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Worms are a varied lot. You may have heard of roundworms, flatworms, tapeworms, earthworms, and who knows what other kinds of worms. None of them conjures up a particularly warm or pleasant feeling in most people. Worms have low reputations in human circles, often associated with some not-so-pleasant circumstances. But this activity may turn all that around as you dig into the subject of earthworms.

Earthworms are members of the phylum Annelida, or ringed animals. They are fairly simple life-forms, put together from a number of disklike segments stuck together like a long flexible roll of coins. Earthworms have no internal skeleton like a fish, no hard protective exoskeleton like an insect, and no shell into which they can withdraw. Worms are flexible, elongated bundles of muscle, uniquely suited for life underground.

The characteristic wriggling of earthworms is accomplished by the contraction of two kinds of muscles. When the short muscles that circle each segment (like lots of rings on a finger) contract, the worm gets thinner and longer. When the long muscles that connect all the segments contract, the head and tail are pulled toward each other, and the worm becomes short and fat. Depending on which end of the worm is anchored, the worm can move along the surface of the ground or through its burrow effectively in either direction, head first or tail first.

Earthworm organs are quite different from ours, making it possible for them to live their very different lifestyle efficiently. Earthworms have five pairs of simple hearts that pump blood throughout the body. They have no lungs. Instead the blood flowing close to the worm's surface absorbs oxygen and releases carbon dioxide directly through the moist skin (called the cuticle). For this reason earthworms can live for some time in water if the oxygen supply is adequate. They don't drown per se, but they may suffocate if the oxygen content is low. This is why worms leave the soil and crawl out on the sidewalk during a heavy rain—they are seeking oxygen. Earthworms are not adapted to feed in water, however, so they would starve to death in due course.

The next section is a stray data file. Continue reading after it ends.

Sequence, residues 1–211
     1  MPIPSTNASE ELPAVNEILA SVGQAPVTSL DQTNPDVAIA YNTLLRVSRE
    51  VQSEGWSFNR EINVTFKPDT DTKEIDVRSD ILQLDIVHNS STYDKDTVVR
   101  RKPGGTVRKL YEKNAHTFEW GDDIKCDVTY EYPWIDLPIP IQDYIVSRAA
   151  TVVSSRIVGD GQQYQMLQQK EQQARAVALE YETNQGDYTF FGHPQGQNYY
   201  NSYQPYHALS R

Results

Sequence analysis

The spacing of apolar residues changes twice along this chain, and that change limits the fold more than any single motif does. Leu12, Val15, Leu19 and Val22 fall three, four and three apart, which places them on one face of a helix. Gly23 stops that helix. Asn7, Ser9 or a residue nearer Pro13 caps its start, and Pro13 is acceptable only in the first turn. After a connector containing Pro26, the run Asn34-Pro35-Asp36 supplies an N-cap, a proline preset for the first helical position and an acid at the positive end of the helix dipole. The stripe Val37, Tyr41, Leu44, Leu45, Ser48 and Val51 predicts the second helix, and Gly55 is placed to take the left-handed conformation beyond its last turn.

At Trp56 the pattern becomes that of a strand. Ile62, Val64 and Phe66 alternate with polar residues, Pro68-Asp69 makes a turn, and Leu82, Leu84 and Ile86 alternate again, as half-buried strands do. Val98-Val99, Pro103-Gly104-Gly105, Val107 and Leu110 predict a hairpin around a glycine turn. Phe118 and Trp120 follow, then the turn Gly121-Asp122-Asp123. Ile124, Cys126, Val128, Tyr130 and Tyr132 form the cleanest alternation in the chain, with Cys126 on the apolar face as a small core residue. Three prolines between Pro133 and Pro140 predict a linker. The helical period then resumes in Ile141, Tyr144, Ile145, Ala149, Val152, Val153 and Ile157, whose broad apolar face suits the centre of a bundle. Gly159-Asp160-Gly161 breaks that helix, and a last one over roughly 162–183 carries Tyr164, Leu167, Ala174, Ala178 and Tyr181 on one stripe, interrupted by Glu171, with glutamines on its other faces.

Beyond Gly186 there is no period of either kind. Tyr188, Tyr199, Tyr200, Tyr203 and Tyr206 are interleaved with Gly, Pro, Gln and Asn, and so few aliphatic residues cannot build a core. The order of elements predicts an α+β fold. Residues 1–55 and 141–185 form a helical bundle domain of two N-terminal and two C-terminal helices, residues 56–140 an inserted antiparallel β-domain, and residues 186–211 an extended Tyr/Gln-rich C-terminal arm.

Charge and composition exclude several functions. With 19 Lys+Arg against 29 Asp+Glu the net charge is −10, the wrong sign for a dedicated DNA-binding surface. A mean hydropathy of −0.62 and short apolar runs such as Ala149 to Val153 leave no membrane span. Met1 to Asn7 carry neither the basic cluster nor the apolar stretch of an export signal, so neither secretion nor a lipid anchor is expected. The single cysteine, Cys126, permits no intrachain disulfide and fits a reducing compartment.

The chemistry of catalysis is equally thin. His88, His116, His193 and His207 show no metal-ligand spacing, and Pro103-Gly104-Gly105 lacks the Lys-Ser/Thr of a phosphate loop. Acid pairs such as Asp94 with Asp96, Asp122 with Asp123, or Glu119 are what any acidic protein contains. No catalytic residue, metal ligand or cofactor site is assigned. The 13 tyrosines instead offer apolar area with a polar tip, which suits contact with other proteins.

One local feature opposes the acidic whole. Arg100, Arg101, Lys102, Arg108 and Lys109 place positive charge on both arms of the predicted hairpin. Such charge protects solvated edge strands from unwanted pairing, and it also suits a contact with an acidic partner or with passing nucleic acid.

Instead of a nose, ears, and eyes, earthworms have a nervous system throughout their bodies that controls actions in response to environmental stimuli, such as vibrations, heat, cold, moisture, light, and the presence of other worms. They have no brain, however, so worms do not ponder their lowly lot in life, nor do they plan a strategy for obtaining their next meal or crossing the sidewalk safely.

Reproduction. Like all animals earthworms have effective strategies for begetting their own kind. With earthworms it is not a matter of boy meets girl, but rather a simpler matter of worm meets worm. All worms carry two sets of sexual organs, but they cannot fertilize their own eggs—mating is still a necessary part of reproduction. Mature earthworms have an enlarged band some distance from the head. This enlarged clitellum plays an important role in reproduction.

In mating, two worms approach each other nose to nose. With their bodies touching, they slide past each other until their heads are a bit past the clitellum. Both worms pass sperm through an opening located between the head and the clitellum, into a temporary holding receptacle in the other worm. The two worms separate. The clitellum secretes a liquid that solidifies into a flexible tube. As the tube lengthens, the worm backs out of it. Soon the tube covers the front part of the worm. The worm lays a few eggs inside the tube, deposits some of the stored sperm, and withdraws from the tube, leaving the eggs and sperm inside the tube. The ends of the tube pinch off to form a cocoon, and the whole thing shrinks to a tidy package about the size of a fat grain of rice. The cocoon is left alone sitting on or just under the surface of the soil. The worm continues to produce cocoons until the sperm is used up. Cocoons are durable, can overwinter in cold climates, and can wait out hot dry spells in arid environments. After 3 weeks (ideal conditions) or longer the cocoon opens, and out sallies the next generation.

Food. Earthworms feed on decomposing organic material, mostly vegetation, from the surface of the soil and within the soil itself. In the process of burrowing and feeding they process tons of soil in a typical pasture or garden, improving the quality of soil for plants and other animals. There are some 1800 species of earthworms worldwide. Some are tiny, no more than 2 cm (1”) at maturity. At the other end of the scale are the Australian giants that average about 3 m (10’) in length, and the record holder, a South African gargantuan measuring 7 m (22’) in length. Not to worry—the largest earthworms in North America are the common night crawlers, which can reach a length of little more than 30 cm (12”).

What to do when they arrive. Worms may be kept in shipping container for short periods. Upon arrival, mist with water to moisten, but do not make soil wet. Worms can be kept in the refrigerator for short periods of time. To maintain worms for a longer period of time, keep at room temperature in diffused light, feeding crushed dead leaves or cornmeal sprinkled over the surface of the soil. Add rich soil (preferably humus) as needed, and remove any mold as it appears.

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